Claudia Hurtgen explains huge Extreme E qualifying crash


Claudia Hurtgen explains huge Extreme E qualifying crash

The experienced German GT racer took over the Odyssey 21 E-SUV from teammate Mattias Ekstrom, with the Abt Cupra squad the seventh team to run in the twice red-flagged session.

Hurtgen, 49, was on the approach to the final few ski-style gates when she lost the rear of the car, slid and the wheels dug into the sand and she rolled over four times.

She told “I came down the hill and then on the right side I get the input, I think I hit a rock.

“In this moment I get the oversteer and then I was counter-steering.

“This was quite hard and because I was too fast in this moment with the rock on the side, then it happened. I thought ‘Oh, shit!’.”

The session was immediately halted, and the marshals arrived soon after, but it was several minutes before Hurtgen was seen out of the car. The only injury was a bite to the tongue.

Hurtgen explained the protracted delay: “It was a long time. It feels long.

“The problem was first for the team that the radio was not working. So I could hear them but other way around, I could not say that I was OK.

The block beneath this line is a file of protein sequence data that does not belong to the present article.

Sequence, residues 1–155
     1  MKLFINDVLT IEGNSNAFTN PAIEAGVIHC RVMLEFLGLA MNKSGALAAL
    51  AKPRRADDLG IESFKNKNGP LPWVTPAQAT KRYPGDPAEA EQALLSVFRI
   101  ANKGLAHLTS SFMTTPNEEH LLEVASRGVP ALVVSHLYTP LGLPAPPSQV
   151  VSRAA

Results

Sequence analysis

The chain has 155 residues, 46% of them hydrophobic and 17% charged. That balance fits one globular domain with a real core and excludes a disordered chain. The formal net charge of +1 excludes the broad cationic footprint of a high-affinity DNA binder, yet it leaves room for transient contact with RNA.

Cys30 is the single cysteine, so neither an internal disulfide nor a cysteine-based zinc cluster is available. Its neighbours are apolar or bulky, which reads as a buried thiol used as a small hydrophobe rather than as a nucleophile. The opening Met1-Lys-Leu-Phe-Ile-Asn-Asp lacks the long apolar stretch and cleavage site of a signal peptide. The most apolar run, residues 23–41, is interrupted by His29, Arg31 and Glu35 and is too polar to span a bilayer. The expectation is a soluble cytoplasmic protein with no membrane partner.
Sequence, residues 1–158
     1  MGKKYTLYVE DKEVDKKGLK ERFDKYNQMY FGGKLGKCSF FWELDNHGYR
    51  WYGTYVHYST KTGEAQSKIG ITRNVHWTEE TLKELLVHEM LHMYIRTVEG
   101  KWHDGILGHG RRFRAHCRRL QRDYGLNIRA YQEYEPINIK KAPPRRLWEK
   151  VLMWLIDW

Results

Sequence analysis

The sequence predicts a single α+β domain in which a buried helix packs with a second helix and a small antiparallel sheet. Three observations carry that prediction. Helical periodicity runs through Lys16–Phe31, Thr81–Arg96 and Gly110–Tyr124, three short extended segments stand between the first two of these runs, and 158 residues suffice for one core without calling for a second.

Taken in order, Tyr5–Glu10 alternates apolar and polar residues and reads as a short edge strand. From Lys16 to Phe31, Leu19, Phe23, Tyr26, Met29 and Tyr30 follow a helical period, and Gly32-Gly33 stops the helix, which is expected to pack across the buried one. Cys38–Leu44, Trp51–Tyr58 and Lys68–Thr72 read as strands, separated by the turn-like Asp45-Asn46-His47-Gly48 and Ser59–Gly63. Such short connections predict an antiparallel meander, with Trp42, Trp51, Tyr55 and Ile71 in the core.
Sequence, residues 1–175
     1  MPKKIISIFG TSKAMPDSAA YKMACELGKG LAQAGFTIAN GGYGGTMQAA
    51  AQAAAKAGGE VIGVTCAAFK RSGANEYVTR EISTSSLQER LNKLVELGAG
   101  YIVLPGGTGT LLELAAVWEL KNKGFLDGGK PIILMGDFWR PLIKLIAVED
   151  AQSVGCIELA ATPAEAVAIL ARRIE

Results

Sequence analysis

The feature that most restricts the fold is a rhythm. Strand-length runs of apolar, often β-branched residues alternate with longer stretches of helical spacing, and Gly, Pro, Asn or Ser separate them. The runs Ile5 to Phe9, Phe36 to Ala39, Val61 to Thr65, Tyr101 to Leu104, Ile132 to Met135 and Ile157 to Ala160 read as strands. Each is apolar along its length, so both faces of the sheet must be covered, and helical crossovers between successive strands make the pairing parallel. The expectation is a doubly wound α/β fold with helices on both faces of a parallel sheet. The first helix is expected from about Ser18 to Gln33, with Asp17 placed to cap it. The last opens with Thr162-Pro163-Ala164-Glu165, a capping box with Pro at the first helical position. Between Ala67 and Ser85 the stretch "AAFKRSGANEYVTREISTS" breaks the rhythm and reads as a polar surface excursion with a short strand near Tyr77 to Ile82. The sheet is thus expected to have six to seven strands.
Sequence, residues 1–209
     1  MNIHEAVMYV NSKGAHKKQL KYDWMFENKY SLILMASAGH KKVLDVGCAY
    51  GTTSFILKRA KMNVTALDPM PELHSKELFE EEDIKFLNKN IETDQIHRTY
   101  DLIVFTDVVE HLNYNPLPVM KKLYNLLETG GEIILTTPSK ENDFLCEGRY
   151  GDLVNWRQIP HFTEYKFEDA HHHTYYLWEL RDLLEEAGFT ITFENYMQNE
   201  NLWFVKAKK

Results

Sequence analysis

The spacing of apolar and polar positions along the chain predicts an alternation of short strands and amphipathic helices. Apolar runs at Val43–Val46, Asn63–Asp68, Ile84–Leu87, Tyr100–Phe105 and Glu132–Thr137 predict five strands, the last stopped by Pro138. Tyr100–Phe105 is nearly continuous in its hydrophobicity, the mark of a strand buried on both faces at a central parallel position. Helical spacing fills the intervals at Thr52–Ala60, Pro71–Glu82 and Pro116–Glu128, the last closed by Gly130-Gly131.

“Then it takes a while. I don’t know why. I was waiting and then everything was fine. In this moment as a driver, it feels hours and hours. I feel fine.

“After the accident, right in this moment I checked everything, there was just a little bit of blood. It was really nothing. I was fine.

“I was relaxing in the car because I waited for the green light [indicating it was safe to exit the car].

“Everything was fine with the car. No electric issues.”

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The Abt Cupra team will not take part in the afternoon qualifying session while repairs are carried out, but ex-Formula 3 racer Hurtgen and double DTM champion Ekstrom should compete in the semi-final stages on Sunday if the chassis of the car passes inspection.

There is a spare chassis for the Spark Racing Technology-built Odyssey on site, although this aside, Extreme E has enough spare parts on site for three full car rebuilds.

“We won’t be out this afternoon,” Hurtgen said.

“We must check the chassis, if the chassis is fine then we are OK for tomorrow.

“I would like to go because when you have an accident, it’s good when you go back in the car immediately.”


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